The first chapter of Star Wars: The Rise of Skywalker novelization perfectly set the tone for what’s to come while giving us the Leia we didn’t get to have.
The Star Wars: The Rise of Skywalker novelization is out and the first chapter set the tone from what we are going to expect. For the purpose of these chapter discussions, I am going to treat the book as a separate entity from the movie (though there will be some comparisons).
There are things that happen in the book that do not happen in the movie or had the same impact.
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Warning: Spoilers ahead for The Rise of Skywalker novelization.
The first chapter focuses on Rey and Leia on a moon on Ajon Kloss. Rey is training, trying to get in touch with the Jedi of the past. She floats in the air with rocks and pebbles around her. We saw in the movie, but there is so much more going on in this chapter much of which comes from Leia.
In the movie, J.J. Abrams and company were limited by how they could use Leia because of Carrie Fisher’s passing. In the book, author Rae Carson is able to bring an authentic Leia to us.
When Rey runs off to run the training course, Leia takes the moment to remember her time on Ajon Kloss. She trained there with Luke, but it was also there she realized she wouldn’t continue the path of the Jedi. Perhaps it was because she was pregnant and wanted to raise her son in a different way.
Interestingly, while Rey certainly sees Leia as the mother she never had, Leia has the same feelings toward Rey and doesn’t want to let her down the way she feels she let Ben down.
This passage was revealing:
"“The girl had darkness in her, just like Ben. But Leia would not make the same mistakes she had with her son. She would not give in to fear – neither of the darkness rising within her pupil nor of her own questionable qualifications as a teacher. Most important, she would never send Rey away."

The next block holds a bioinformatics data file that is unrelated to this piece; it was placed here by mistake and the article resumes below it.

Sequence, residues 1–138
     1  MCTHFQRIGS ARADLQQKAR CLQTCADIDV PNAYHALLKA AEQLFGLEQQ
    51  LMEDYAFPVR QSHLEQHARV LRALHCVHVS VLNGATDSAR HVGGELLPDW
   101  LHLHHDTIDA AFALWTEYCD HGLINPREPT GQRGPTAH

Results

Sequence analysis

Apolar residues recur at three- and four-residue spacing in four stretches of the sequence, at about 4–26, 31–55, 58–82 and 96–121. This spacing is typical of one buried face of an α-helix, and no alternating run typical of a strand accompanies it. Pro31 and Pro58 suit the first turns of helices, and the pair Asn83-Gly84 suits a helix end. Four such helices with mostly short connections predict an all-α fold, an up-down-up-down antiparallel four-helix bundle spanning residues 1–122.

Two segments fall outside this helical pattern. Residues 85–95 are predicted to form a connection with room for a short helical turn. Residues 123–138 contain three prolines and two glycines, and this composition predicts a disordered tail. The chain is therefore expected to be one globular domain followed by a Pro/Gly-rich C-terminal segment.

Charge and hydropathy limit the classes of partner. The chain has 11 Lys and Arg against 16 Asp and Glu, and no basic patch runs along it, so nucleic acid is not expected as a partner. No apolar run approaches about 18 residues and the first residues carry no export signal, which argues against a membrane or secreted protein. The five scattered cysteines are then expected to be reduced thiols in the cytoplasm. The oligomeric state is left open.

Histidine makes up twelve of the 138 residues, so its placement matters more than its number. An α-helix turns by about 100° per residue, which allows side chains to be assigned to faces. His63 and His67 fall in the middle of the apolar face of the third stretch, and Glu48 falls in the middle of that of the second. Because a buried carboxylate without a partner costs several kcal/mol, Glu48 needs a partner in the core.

There is a lot to unpack. Leia felt the darkness in Ben. She did what she thought was best at the time, sending her son to train with Luke, a person who certainly knew about the choices between light and dark.
Yet, for all of Luke’s teachings, he was never able to get through to Ben. Luke only seemed to fuel Ben’s insecurities, which Snoke and Palpatine were able to take advantage of.
You can also see where Leia puts the blame on herself. Of course, she will do that and has likely questioned every move she has made that led Ben down that path. Leia saw sending Ben to Luke as part of the problem.
Interestingly in The Rise of Kylo Ren comic miniseries when Ben to choose Snoke, he thought about going to Leia. She was the one that held him fastened to the light, and that’s why he avoided her.
When it comes to Rey in the chapter, she was not without interesting moments. While Rey was running through the training course, she actually felt a connection to Kylo. It was severed in The Last Jedi.
She sees Kylo mowing down people, but then her vision shifts to what seems to be Palpatine, describing it “part human, part machine, with tubes stretching away from it like tentacles, all filled with a strange liquid.”
Rey then heard the word, “Exegol.”
Then her final vision was of Palpatine’s throne room.
There was a lot more going on in this scene than what it showed us in the movie, but this opening provides a much clearer picture of what’s to come.
It establishes Leia’s insecurities and her despair toward Ben and how she plans on not failing another child. It shows the link between Rey and Kylo is still strong, but also that she has a link to Palpatine that we were not aware of before. While she gets stronger in the Force, so do her connections to things around her.
She doesn’t know what they mean yet, but that’s OK. The journey is part of what makes this all so exciting.
What parts stood out to you from the first chapter? Star Wars: The Rise of Skywalker novelization is in stores now.